Studies in Women and Literature

2:30p-3:45p TR (30) 3 cr.


There is no prerequisite per se, but at the 300-level, I assume all enrollees (1) are able to write several short, polished papers of substance that meet the requirements of university-level writing, and (2) have had experience with close readings of literature, and critical thinking and discussions. If youíve never taken a literature course before, this will not be a good one with which to begin.

Class sessions will likely adhere to a structure of in-class writings, short introductory lectures from the instructor, group discussions of primary texts and critical readings, some creative exercises, and individual student discussion leading (you may be asked to write up discussion questions in advance). I cannot stress enough the importance of regular attendance and participation.

We are likely to read and discuss works of women writers, some well- known, some lesser-known, with a focus on the contemporary (last 20 years), possibly with a mix of genres, but probably with a main emphasis on fiction (and maybe some nonfiction), and focusing on some works of well-known American writers like Marilynne Robinson, Toni Morrison, Ana Castillo, Octavia Butler, Lydia Davis, etc., and some lesser- knowns like Danzy Senna, but donít be surprised to encounter writing from contemporary women writers from other countries like Annie Ernaux, Nawal el Sadawi, Carolyn Steedman, etc.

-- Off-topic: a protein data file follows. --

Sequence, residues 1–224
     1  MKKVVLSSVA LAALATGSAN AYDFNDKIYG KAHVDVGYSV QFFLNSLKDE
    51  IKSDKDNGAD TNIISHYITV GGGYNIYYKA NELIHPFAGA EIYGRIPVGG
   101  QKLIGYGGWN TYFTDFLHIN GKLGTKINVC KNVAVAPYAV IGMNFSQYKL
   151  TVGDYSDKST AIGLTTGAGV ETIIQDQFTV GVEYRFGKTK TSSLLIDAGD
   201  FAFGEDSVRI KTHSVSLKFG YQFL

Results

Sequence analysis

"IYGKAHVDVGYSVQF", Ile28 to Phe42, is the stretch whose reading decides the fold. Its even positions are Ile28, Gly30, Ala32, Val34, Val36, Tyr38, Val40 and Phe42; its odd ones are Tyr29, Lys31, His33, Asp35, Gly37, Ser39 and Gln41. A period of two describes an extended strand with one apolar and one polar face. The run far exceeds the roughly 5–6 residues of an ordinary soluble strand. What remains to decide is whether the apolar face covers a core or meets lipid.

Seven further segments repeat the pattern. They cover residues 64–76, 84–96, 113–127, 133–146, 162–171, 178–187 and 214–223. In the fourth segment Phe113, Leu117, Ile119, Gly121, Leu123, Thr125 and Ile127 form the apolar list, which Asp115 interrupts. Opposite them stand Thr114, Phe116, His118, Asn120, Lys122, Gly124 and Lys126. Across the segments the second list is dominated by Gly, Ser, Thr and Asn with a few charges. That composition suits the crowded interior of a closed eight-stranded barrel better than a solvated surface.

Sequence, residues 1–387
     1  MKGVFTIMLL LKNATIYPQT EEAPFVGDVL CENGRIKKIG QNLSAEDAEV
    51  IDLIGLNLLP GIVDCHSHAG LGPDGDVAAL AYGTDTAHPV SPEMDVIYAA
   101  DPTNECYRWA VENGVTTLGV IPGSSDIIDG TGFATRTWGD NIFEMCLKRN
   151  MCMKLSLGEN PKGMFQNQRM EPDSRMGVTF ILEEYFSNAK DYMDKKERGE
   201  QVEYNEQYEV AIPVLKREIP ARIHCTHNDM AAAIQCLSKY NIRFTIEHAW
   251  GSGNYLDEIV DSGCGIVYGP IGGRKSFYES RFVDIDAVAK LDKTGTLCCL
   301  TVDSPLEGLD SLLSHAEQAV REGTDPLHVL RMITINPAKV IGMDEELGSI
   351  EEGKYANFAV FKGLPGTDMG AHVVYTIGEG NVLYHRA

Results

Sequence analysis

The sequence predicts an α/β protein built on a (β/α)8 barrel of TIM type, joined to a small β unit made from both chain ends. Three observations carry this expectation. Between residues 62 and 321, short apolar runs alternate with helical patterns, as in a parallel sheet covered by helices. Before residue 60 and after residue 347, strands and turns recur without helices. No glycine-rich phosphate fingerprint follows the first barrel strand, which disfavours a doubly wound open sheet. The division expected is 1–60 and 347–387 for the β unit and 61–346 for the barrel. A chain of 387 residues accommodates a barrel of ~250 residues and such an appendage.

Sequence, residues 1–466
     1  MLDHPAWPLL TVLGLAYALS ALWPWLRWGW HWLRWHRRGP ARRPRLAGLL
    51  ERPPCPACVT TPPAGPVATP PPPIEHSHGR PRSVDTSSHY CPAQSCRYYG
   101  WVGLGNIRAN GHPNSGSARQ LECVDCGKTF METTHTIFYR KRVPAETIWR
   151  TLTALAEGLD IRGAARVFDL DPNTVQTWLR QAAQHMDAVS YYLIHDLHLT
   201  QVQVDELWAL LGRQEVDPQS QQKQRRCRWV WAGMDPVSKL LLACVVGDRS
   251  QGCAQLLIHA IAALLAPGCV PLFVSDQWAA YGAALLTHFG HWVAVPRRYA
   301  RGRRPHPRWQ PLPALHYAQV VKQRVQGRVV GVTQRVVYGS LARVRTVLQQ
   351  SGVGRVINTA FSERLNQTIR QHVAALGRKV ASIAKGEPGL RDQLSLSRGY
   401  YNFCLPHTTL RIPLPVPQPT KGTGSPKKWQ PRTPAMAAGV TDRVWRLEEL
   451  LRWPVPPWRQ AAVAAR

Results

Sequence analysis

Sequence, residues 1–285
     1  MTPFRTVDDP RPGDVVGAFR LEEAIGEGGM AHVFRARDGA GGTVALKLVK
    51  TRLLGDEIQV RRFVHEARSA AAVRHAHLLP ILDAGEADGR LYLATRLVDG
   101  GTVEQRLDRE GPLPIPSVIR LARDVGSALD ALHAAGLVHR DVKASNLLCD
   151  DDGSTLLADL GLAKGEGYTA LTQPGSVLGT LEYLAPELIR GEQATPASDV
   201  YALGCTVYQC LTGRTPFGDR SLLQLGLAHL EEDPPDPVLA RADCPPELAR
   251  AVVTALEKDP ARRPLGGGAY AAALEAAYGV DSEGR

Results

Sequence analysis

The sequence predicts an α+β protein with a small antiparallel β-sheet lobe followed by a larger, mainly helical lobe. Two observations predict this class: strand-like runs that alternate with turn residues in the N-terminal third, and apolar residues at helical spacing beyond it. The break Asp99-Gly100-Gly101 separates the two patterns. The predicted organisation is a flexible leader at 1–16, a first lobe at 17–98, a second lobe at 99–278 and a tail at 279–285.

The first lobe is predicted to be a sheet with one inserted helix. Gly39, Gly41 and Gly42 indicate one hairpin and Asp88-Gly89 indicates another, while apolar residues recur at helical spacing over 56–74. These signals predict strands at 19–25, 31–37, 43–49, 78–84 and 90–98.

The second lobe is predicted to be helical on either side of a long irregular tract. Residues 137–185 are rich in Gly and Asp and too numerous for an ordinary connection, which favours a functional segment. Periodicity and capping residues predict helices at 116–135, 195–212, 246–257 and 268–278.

We might examine women writers writing about their lives: memoir, autobiography, auto-bio criticism, fictionalized memoir, and other mixed-genre reflections (including poetry, nonfiction, etc.). This approach might easily include some of the above like Ernaux, Sadawi, and Steedman, and possibly bell hooks, Lyn Hejinian, April Sinclair, Pam Huston, Vivian Gornick, Nancy Mairs, etc. This approach might well end up being as much a critical study of form and genre.

There will definitely be a critical component, though the emphasis will be on close readings of and thoughtful engagement with the primary works. Likely requirements will be something along the lines of several short, polished critical essays (3-5 pages each) with clear theses well-supported directly from the texts, weekly written response papers (which will become part of our discussions), some version of quizzes, and an in- class essay exam.

Expect to read the equivalent of a book a week over the semester, as well as critical essays, and to write somewhere around 20-30 pages over the semester. Grades will be based on quality and quantity of your writing, class participation and contributions to discussions, as well as quiz and exam grades.

Textbooks: I will probably assign mostly single-authored books. There may also be a short, supplemental course reader on reserve, or an anthology of supplementary critical readings. Regular attendance, active participation, intellectual curiosity, and enthusiasm are di rigeur.